Other Geeks: Home Theater – Introduction

Other Geeks: Home Theater – Introduction

Posted by on Aug 3, 2016 in Featured, Other Geeks

Other Geeks: Home Theater – Introduction

I swear I wrote about this, but I guess not, so that allows me to present to you a set of of posts organized around a theme, specifically home theater.

Now, I am not a handy man. I’ve changed some light switches, patched some holes in walls, and have updated light fixtures (even installed a ceiling fan!), but beyond that the idea of purposefully deconstructing something (like my house) that I am not confident I could repair is something that I tend to shy away from.

This does not stop me from coming up with plans, though, and one of those plans is to convert part of the basement into an actual home theater. The term “home theater” is often used to denote a space dedicated to watching movies and tends to encompass a few key elements such as:

  • An obscenely large TV
  • A deafening audio system with surround sound
  • Seating that makes you wonder why you sleep in a bed like a savage

I’ve got a TV, but am lacking the audio and seating. I had a receiver, but it’s insanely old…like, phonograph-era old. And we have a sectional couch, but it’s been claimed by the dog, who…I’ll spare you the CSI level visuals, and leave it at “no one wants to sit there or anywhere near it any more”.

In a twist of fate, I was able to secure a really excellent short-throw “gaming” projector this year for Father’s Day. My friends and I had been looking at projectors for some time, but this one got stellar reviews, and was half off it’s insane original price.


That it was tagged as a “gaming projector” threw me off initially: I’ve seen similarly named projectors for sale at places you’d never expect to find quality things of this type, like Kohls or Wal Mart, so I was dubious that “gaming projector” was a thing that denoted a feature I’d want. What it means in the case of this device, though, is that it has a decent refresh rate. Since it’s not as “close to the metal” as a TV or monitor is, refresh rates for projectors are of a concern if you’re planning on connecting the console. For movies, it’s not such a big deal.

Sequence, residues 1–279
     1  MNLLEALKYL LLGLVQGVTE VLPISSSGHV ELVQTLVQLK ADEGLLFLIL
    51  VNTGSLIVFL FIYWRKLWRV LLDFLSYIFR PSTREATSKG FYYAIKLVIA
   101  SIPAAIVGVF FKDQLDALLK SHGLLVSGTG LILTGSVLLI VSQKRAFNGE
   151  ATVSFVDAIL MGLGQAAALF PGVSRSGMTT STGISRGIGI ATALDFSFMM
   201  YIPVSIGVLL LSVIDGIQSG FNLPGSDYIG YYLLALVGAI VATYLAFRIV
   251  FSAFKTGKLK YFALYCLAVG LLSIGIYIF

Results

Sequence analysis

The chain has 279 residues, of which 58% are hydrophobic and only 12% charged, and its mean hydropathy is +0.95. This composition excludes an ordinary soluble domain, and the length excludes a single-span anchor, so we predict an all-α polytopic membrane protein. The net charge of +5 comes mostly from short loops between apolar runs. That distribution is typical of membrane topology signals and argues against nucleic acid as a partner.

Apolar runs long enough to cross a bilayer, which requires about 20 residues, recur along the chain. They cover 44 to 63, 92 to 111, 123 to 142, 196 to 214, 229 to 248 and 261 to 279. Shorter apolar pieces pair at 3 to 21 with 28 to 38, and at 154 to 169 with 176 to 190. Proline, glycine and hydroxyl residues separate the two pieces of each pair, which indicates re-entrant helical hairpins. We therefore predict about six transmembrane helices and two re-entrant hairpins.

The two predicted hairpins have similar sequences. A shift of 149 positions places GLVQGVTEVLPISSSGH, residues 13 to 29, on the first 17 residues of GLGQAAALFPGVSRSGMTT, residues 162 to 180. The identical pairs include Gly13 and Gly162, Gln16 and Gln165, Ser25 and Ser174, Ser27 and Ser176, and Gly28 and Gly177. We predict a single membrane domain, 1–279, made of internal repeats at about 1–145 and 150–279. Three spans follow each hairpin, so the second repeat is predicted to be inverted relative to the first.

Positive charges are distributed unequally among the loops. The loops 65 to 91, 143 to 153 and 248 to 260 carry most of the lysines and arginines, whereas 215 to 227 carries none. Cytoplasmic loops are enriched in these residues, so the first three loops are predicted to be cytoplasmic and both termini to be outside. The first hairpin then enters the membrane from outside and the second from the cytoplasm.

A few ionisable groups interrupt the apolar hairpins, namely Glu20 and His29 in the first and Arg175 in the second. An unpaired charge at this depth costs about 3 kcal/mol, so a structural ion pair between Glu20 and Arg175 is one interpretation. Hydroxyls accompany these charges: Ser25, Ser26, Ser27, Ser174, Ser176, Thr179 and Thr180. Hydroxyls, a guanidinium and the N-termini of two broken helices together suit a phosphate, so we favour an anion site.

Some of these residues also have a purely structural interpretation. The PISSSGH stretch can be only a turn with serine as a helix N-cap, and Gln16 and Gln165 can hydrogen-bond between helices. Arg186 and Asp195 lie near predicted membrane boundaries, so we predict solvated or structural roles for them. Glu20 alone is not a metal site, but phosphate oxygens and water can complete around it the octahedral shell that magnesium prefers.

The real key, though, is “short throw” which is not porn lingo. It’s got a wider projection cone than a lot of other devices, which allows it to be situated closer to the projection surface while still giving you a large picture. The trade off is that the light isn’t as powerful, since it doesn’t need to be as bright as projectors which are designed to sit further away. Don’t get me wrong: you can totally use this in a well lit room and still have a perfect picture.

Right now, the projector is sitting on a TV stand about four feet from a large, blank wall. The XB1 and PS4 are sitting underneath and both are connected to the projector via HDMI cables. My cable box, however, is S.O.L. because with all of these devices, it’s a cabling nightmare, and I don’t have a coax cable long enough to reach over to the wall jack (the cable box runs through the XB1, so I don’t need another HDMI port on the projector to use it).

So what’s the plan?

Ideally, I’d be able to move the projector to a ceiling mount, but let’s enumerate the challenges: